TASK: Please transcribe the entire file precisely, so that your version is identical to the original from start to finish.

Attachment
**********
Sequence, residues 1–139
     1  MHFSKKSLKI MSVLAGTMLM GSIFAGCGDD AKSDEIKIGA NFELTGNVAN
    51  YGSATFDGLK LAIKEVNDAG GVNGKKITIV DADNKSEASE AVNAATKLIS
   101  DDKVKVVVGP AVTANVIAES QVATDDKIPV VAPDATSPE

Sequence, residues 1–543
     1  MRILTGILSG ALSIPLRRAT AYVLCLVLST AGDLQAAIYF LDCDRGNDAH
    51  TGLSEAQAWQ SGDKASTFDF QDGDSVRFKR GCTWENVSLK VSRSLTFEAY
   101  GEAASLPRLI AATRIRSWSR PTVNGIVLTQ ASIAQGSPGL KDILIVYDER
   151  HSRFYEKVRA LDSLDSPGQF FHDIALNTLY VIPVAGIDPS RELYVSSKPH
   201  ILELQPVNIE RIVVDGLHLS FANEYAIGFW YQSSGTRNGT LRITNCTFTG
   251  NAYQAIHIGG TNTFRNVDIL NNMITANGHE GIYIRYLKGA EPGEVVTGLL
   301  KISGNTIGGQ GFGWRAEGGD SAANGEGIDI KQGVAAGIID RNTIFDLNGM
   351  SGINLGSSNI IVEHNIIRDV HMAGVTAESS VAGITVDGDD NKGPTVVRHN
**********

Sequence, residues 1–139
     1  MHFSKKSLKI MSVLAGTMLM GSIFAGCGDD AKSDEIKIGA NFELTGNVAN
    51  YGSATFDGLK LAIKEVNDAG GVNGKKITIV DADNKSEASE AVNAATKLIS
   101  DDKVKVVVGP AVTANVIAES QVATDDKIPV VAPDATSPE

Sequence, residues 1–543
     1  MRILTGILSG ALSIPLRRAT AYVLCLVLST AGDLQAAIYF LDCDRGNDAH
    51  TGLSEAQAWQ SGDKASTFDF QDGDSVRFKR GCTWENVSLK VSRSLTFEAY
   101  GEAASLPRLI AATRIRSWSR PTVNGIVLTQ ASIAQGSPGL KDILIVYDER
   151  HSRFYEKVRA LDSLDSPGQF FHDIALNTLY VIPVAGIDPS RELYVSSKPH
   201  ILELQPVNIE RIVVDGLHLS FANEYAIGFW YQSSGTRNGT LRITNCTFTG
   251  NAYQAIHIGG TNTFRNVDIL NNMITANGHE GIYIRYLKGA EPGEVVTGLL
   301  KISGNTIGGQ GFGWRAEGGD SAANGEGIDI KQGVAAGIID RNTIFDLNGM
   351  SGINLGSSNI IVEHNIIRDV HMAGVTAESS VAGITVDGDD NKGPTVVRHN